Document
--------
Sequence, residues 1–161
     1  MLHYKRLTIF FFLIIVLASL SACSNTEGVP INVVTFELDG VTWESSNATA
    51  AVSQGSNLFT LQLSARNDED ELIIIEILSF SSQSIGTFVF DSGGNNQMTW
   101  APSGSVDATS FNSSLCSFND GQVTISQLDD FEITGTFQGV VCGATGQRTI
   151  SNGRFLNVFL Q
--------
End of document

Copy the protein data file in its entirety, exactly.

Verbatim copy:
Sequence, residues 1–161
     1  MLHYKRLTIF FFLIIVLASL SACSNTEGVP INVVTFELDG VTWESSNATA
    51  AVSQGSNLFT LQLSARNDED ELIIIEILSF SSQSIGTFVF DSGGNNQMTW
   101  APSGSVDATS FNSSLCSFND GQVTISQLDD FEITGTFQGV VCGATGQRTI
   151  SNGRFLNVFL Q